Just days after the U.S. Government recommended that young men be vaccinated against human papillomavirus infection (HPV), a new study shows that such a vaccination may prevent the development of anal cancer.
The results also suggest that the vaccine could prevent other HPV related cancers in both men and women.
The study, which was published in The New England Journal of Medicine involved 602 men, ages 16-26 years, who have sex with men (MSM). The men got a placebo or the three-shot injection of the HPV vaccine known as Gardasil. Participants were then followed for three years after their last shot.
Gardasil is designed to protect against several “types” of HPV, including HPV types 16 and 18, which are commonly associated with anal cancer. In the study, Gardasil proved effective against these viral types by preventing people from being infected with them. Those vaccinated with Gardasil also had a 75% reduction in the number of precancerous lesions. For those in the study who were already exposed to one or more of the HPV cancer causing viral types the vaccine reduced the incidence of the precancerous lesions by 54%.
“Almost six thousand people every year in this country are diagnosed with anal cancer, and more than 700 people die from the disease,” said Joel Palefsky, MD, who directed the clinic that led study. “What this trial showed is that those cancers and deaths could be prevented.”
“A vaccine that can help prevent HPV types 16 and 18 related anal cancers, which account for approximately 80% of anal cancer cases, is an important tool to help prevent this disease,” added Richard M. Haupt, M.D., of Merck Research Laboratories. “These study data add to the large body of clinical trial data that support use of Gardasil in both females and males to help prevent certain HPV-related cancers and disease.”
Human papilloma virus is one of the most commonly sexually-transmitted viruses. It is generally contracted when teenagers become sexually active. The virus can cause anal cancer, as well as other cancers, including cervical cancer in women. Two vaccines, including Gardasil, are already being given to young women to prevent these cancers.
Blacks and Hispanics should also benefit from the vaccine. Black women have higher rates of HPV-related cervical and vaginal cancer than white women. Both black men and women also have higher rates of HPV-related throat and mouth cancer while Hispanic men have higher rates of HPV-related penile cancer. All of these cancers evolve from precancerous growths associated with HPV cancer causing viral types. In theory then, being vaccinated should help prevent the development of all HPV related cancers specific to these cancer causing viral types.
A related study, led by Dr. Palefsky’s coauthor Dr. Anna Guiliano of the Moffitt Cancer Center also shows that Gardasil effectively protects both heterosexual men and MSM against the viral types that cause HPV related genital warts. Other studies show the vaccine does the same for women.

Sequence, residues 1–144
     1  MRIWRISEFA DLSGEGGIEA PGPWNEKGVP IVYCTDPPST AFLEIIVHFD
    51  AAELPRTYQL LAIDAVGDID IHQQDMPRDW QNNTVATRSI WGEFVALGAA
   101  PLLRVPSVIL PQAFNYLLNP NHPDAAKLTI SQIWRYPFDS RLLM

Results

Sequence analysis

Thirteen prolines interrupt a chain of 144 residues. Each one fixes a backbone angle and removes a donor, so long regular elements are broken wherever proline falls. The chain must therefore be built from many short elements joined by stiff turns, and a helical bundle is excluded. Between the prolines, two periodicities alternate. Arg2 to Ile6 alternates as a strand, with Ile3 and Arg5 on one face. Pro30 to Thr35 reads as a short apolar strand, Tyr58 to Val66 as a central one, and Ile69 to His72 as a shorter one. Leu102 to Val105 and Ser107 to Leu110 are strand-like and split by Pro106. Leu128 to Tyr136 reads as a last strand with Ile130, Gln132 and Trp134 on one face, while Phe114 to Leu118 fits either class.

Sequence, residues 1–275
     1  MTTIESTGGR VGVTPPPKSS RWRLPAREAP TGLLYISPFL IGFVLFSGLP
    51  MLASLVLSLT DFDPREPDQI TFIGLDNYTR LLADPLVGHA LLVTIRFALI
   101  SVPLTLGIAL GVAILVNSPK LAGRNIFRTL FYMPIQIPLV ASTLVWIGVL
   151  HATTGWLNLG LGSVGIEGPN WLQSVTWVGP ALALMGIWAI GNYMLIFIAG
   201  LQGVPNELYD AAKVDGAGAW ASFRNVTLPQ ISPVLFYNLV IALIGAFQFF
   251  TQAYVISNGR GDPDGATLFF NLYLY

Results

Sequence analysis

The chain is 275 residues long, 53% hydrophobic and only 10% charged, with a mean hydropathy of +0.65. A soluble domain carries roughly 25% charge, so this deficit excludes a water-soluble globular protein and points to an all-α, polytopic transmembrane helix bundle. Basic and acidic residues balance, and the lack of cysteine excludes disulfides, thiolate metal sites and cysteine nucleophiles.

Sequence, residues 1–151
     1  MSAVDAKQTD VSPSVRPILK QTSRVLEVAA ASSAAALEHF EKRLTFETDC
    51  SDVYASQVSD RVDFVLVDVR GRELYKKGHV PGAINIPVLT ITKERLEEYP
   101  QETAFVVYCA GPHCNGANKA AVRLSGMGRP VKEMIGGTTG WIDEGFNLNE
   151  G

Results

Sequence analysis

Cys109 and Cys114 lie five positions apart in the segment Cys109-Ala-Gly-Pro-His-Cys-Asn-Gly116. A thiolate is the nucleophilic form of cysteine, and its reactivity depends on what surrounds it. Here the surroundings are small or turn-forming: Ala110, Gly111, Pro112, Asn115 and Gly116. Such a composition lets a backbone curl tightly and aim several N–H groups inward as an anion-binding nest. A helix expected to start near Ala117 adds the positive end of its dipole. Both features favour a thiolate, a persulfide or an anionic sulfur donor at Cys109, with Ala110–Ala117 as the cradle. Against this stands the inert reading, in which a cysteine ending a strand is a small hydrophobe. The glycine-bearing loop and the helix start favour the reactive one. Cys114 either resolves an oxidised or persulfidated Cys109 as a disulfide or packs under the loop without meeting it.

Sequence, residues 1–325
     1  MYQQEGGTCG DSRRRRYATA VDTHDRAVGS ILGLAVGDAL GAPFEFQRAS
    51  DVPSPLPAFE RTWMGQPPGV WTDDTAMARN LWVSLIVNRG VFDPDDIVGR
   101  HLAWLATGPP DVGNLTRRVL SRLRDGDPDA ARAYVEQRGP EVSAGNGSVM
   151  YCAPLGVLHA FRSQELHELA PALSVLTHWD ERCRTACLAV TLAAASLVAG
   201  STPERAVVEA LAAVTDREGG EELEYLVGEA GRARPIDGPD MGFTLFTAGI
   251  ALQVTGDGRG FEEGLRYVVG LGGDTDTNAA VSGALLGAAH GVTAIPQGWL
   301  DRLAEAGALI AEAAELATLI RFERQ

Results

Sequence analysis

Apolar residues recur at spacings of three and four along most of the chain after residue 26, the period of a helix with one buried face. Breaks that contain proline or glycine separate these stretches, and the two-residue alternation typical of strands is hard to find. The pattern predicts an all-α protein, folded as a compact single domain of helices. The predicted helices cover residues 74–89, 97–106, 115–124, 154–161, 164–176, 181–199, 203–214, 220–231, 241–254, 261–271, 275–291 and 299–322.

With young girls already being widely vaccinated with one of the two existing HPV vaccines, the call has now gone out that young boys and young men should be vaccinated as well.
“The new study adds to the body of evidence supporting routine HPV vaccination of young males,” said Palefsky. “The ideal time to begin vaccination would be before initiation of sexual activity, but vaccination may also be useful after initiation of sexual activity.” he added.
The usefulness of vaccinating after the initiation of sexual activity it still being studied. But one reason for being optimistic over whether it will work is “herd immunity”. The idea that, overtime, as more become protected by either HPV vaccine, there will be a reduction in the population, or herd, of those infected with dangerous HPV viral types. It stands to reason that over time, older sexually active populations may then also benefit from vaccination as it will be less likely they will have been exposed to these viral types.
Doubtless with this in mind, the Department of Health and Human Services and the CDC’s Advisory Committee on Immunization Practices recently reviewed the clinical evidence on HPV vaccination, including the new anal cancer data. It then voted to change the vaccine from “recommended,” status to “routine” for boys up to the age of 21 years.
HPV and Oral Sex: A Risky Mix
One long-term effect of the HIV epidemic has been an oral sex free-for-all. Yet an unintended consequence of more people having oral sex has been an increase in the number of throat and head cancers. A 2007 NEJM study showed that having had oral sex with more than 6 different partners increased the risk of developing throat cancer by 3.4%. Performing oral sex with 26 or more partners further tripled that risk. That’s because having more sexual partners increases the chance of being exposed to HPV 16 and 18 – the specific viral types associated with HPV cancers. Fortunately the new vaccines protect against these viral types.
Another study, published in the Journal of Clinical Oncology, shows that oral sex may increase the risk of developing throat cancer more than smoking. The study also shows that if trends continue, by 2020, HPV related throat cancer may be more common than HPV related cervical cancer. Happily, these cancer trends should change for the better if the HPV vaccines become widely adminstered.
Submitted by: Robert Folan